Ask Mr. Tom #3: What Does the Apostrophe Stand for in “Nine O’clock?”
An excellent question, if Mr. Tom does say so himself. Right away, we can rule out some obvious clunkers such as “b” or “17” or “$.” Still, that enigmatic mark must stand for something if it is to earn its keep. Here, in all its ancient glory, is the hot poop. It stands for the letter x. Please bear with Mr. Tom. He will wriggle his way out of this one somehow.
It was during the Dark Ages, when sundials perforce were of little use, that the term came about. Back then, one of the favorite pastimes of the English peasantry, along with bear-baiting and turtle-taunting, was the oxen race. Fortunes as great as six shillings were won or lost at the tread of a hoof. The way this event worked, a number of the beasts were corralled into a more-or-less tight clump and were then expected to race to a finish line, some 100 yards distant. What made the contest challenging, was that the spectators were not allowed to spur on or touch the animals in any way. Nor were they permitted to shout directions to the racers, gesticulate or make loud noises in their presence. As a matter of fact, it is from this collective crowd reticence that we get the calm and sedate behavior one always sees of the part of British soccer fans. All these ancient people could do to get the oxen meandering toward the finish line, was to reason with them, and in Latin, yet. As you can guess, it took quite a while for the winning ox to cross the line.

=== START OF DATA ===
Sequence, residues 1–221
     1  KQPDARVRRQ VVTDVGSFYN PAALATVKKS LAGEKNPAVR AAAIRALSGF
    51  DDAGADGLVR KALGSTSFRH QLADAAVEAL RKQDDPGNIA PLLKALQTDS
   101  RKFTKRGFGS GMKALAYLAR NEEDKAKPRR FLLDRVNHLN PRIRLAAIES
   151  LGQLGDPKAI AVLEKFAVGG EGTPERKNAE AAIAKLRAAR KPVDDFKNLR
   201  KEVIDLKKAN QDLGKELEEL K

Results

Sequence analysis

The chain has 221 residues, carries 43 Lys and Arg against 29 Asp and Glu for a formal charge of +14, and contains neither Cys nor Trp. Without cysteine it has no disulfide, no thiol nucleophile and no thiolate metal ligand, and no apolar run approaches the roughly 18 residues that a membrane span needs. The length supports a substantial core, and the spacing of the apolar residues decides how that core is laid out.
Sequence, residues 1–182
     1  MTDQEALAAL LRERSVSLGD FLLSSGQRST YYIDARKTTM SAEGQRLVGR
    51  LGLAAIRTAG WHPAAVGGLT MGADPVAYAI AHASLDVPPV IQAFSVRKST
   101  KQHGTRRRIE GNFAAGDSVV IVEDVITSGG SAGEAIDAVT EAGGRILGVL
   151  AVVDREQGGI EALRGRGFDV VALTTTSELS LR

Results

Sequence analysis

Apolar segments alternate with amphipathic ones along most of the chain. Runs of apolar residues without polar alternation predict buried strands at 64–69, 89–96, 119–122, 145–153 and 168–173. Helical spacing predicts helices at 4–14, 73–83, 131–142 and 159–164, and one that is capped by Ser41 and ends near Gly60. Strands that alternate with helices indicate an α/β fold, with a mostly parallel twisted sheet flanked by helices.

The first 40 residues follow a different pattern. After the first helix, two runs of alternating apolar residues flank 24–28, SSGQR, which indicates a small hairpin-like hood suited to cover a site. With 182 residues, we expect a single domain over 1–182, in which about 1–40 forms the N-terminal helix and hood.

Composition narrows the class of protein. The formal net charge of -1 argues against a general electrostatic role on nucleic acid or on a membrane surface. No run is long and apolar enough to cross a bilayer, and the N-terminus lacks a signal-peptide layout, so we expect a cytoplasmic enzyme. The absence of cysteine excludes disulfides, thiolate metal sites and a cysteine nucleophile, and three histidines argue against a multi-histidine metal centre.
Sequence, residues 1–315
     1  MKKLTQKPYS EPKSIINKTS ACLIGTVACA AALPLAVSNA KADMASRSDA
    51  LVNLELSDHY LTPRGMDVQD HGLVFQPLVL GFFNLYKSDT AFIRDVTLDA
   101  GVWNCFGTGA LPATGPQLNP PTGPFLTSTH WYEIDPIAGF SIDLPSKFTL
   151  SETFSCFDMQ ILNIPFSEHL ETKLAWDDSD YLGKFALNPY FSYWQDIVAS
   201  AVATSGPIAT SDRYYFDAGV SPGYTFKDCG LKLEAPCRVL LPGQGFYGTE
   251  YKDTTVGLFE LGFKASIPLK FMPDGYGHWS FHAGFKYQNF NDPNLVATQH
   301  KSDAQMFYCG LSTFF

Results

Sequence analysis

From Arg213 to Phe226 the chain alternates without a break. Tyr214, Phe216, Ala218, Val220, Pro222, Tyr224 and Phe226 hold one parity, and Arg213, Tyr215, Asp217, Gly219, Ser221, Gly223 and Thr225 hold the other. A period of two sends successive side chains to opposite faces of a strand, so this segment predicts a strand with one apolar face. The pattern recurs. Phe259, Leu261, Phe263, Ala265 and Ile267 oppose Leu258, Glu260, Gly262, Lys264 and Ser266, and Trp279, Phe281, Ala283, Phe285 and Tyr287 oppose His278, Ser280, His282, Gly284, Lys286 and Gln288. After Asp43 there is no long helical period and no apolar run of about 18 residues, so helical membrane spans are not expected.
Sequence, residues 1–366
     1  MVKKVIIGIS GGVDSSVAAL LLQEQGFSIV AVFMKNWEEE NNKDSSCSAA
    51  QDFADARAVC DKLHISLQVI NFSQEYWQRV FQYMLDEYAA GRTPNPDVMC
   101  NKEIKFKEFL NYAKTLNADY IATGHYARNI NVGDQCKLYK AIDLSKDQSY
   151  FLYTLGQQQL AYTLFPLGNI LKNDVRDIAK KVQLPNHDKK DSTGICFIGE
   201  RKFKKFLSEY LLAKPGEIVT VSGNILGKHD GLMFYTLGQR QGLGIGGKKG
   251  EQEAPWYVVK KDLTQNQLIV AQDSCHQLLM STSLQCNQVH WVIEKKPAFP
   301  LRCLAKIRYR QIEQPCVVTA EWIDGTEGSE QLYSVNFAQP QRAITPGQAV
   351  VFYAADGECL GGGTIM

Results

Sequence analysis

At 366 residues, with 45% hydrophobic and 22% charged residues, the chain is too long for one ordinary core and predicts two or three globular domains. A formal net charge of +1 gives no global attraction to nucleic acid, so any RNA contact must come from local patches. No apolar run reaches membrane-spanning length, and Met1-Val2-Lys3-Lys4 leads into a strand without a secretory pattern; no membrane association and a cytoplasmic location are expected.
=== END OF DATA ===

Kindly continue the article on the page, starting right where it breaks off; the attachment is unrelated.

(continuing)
Inasmuch as some people wished to wager, not on which ox would win, but the winning entry’s time, it became desirable to keep track of how long the trip took. As mentioned, the sundials were of little help, and asking the official timekeeper to keep track by counting “one thousand one, one thousand two, one thousand three,” had its limitations, the chief one being that few people could even count up to one thousand. Thus, an excellent wagering opportunity had to go begging. That is, until one bright Jack (not his real name) of-all-trades invented a timing mechanism Thanks to this device, which featured two tiny arrows pointing to the hours and minutes, arrayed in a circle, and powered by a trapped, frantic cuckoo, the people were able to find a new and exciting way to squander their money.
It was only after a number of years that some wise soul discovered the instrument could be used to mark time in almost any context you could think of. People in the know then began announcing, “It is nine hours, by the oxclock.” That expression was particularly piquant during the two times in the day when it actually was 9:00.
In about that same era, the young folks had started a fad by painting messages to one another on a smooth stone, then chucking the rock at the recipient’s head—a process known as “vexting,” because those who got the messages, sometimes quite painfully, became sorely perturbed. Because of the limited space available on any given rock, the youngsters took to writing their messages in an abbreviated, but very hip code. Thus did “nine hours by the oxclock” become the “nine o’clock” we know and love today.
I suppose I should note there is a contrary opinion, among people who have an almost fanatical obsession with veracity that the expression “nine o’clock” is actually short for “nine of the clock.” Make of it what you will.
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